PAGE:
30 Oct 2014

Detecting Oestrogen in the Environment

From Our Changing World, 9:46 pm on 30 October 2014

By Alison Ballance

Left to right: Shalen Kumar, Ken McNatty, Justin Hodgkiss and Omar Alsager.

Left to right: Shalen Kumar, Ken McNatty, Justin Hodgkiss and Omar Alsager. Photo: RNZ / Alison Ballance

A team of researchers at Victoria University of Wellington have developed a novel sensor that can detect tiny amounts of the hormone oestrogen in environmental samples.

Ken McNatty from the School of Biological Sciences is interested in ways of detecting environmental contaminants. “Currently we don’t have sensitive methods of detecting environmental contaminants, so my interest was trying to develop new techniques for detecting trace residues, particularly of organic materials, plasticisers, hormones [and oestrogen mimics] that are in the environment, and being able to monitor them continuously over a long period of time,” says Ken McNatty. “I was interested in developing systems that would be ten to a thousand–fold more sensitive than any current method.”

Ken and PhD student Shalen Kumar have been focusing their efforts on developing a PCR-based detection system, but in the meantime Shalen’s work on aptamers has led to the development of a different kind of sensor.

Aptamers are single-stranded DNA or RNA molecules that can bind to pre-selected targets including proteins and peptides. They bind tightly and are very specific to particular molecules. Shalen’s work identified an aptamer that detected oestrogen. The idea of aptamers piqued the interest of Justin Hodgkiss from the School of Chemical and Physical Sciences, and the MacDiarmid Institute for Advanced Materials and Nanotechnology.

“When I first learnt about apatmers I thought that was so cool the way you could use synthetic chemistry and biology to discover these sequences that stick really strongly to something,” says Justin. “Obviously these things are exactly what you need to make a sensor, as a sensor needs something that sticks to the target you’re interested in, the hormone oestrogen in our case.”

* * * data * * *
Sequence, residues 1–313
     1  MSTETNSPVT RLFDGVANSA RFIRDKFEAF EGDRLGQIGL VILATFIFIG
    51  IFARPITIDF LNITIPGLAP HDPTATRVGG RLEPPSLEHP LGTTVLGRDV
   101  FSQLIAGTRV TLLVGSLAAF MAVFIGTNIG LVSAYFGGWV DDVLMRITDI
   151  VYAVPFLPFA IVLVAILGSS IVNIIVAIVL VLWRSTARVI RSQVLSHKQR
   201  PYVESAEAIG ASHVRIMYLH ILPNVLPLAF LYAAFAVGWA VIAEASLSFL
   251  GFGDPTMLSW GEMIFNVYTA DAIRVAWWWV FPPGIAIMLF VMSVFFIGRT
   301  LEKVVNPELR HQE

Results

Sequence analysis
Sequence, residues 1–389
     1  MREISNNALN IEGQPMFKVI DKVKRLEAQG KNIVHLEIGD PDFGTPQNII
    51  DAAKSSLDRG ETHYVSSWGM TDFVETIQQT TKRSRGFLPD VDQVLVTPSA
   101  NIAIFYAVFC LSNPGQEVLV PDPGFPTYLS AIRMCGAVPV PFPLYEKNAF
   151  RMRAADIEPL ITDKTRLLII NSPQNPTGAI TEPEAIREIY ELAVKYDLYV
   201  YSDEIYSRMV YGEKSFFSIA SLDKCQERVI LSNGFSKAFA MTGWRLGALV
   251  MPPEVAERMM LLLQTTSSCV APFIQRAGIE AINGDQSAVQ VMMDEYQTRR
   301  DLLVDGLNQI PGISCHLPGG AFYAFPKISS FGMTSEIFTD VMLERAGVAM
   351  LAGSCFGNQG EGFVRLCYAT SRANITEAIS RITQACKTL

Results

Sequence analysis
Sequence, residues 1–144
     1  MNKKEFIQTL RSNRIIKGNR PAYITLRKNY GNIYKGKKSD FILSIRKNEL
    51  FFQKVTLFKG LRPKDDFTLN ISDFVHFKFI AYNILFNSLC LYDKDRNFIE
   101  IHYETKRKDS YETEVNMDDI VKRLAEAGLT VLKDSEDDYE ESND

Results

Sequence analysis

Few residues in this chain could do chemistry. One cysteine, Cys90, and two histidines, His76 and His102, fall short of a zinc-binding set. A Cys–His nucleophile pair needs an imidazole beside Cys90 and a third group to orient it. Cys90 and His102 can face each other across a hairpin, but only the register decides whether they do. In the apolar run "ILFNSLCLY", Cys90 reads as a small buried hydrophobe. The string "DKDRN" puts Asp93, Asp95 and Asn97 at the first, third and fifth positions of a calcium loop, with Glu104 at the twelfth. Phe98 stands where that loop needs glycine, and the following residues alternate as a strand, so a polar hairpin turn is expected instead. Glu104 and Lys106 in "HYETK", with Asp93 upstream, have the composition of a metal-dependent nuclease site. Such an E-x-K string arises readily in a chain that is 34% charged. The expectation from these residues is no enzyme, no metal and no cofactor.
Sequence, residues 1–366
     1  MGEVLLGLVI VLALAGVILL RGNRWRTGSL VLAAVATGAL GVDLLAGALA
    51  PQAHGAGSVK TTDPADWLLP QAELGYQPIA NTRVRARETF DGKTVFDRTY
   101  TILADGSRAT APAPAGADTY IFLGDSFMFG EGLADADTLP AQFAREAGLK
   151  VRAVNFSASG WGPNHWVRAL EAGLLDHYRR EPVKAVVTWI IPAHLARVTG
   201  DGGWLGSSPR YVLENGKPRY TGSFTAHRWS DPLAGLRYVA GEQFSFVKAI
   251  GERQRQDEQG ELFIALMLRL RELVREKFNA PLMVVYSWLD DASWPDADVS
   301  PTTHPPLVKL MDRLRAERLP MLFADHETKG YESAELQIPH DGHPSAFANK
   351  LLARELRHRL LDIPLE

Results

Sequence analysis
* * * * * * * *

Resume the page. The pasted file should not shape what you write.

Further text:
The oestrogen sensor operates with a simple colur change. The pink solution, at left, contains an aptamer that has bound to gold nanoparticles. In the purple solution, at right, the aptamer has detected oestrogen

The oestrogen sensor operates with a simple colur change. The pink solution, at left, contains an aptamer that has bound to gold nanoparticles. In the purple solution, at right, the aptamer has detected oestrogen Photo: RNZ / Alison Ballance

PhD student Omar Alsager explains that “our sensor is a combination of the [oestrogen-specific] aptamer that Shalen has developed and gold nano-particles.”

“The aptamer coats the surface of gold nano-particles, which are pink in colour,” says Justin. “When this solution is exposed to oestrogen the aptamer binds to it and the solution changes to a purple colour.”

“The amounts I’m talking about are really tiny. The equivalent would be taking a pinch of oestrogen and putting it in an Olympic swimming pool.

The sensor is very specific to the hormone oestrogen, and doesn’t react to other hormones such as testosterone, and it works in ‘messy’ solutions such as human urine as well as cleaner water samples.

The research has just been published in the jounral Biosensors and Bioelectronics, and the team are carrying on to refine the sensitivity of the sensor and to expand it to target other molecules. Justin is excited by the possibilities that aptamers offer in future sensor development.

“In principle you can make an aptamer for any protein or molecule you want,” says Justin. “And Shalen has the methods to do that really effectively.”

Ken McNatty says the sensor is a great first step, although he’s still hoping to develop a much more sensitive PCR-based system.

Earlier this year Our Changing World spoke with ex-pat Kiwi chemist Terry Collins about his research with green chemistry and oestrogen mimics.

Justin Hodgkiss has previously featured on Our Changing World talking about printable solar cells.

Next Thursday 6 November, at 7.30pm in Palmerston North, Ken will be talking about how his reproductive research has led to improved success rates in IVF - in a Royal Society of New Zealand Ten By Ten lecture titled ‘What makes a good egg’.

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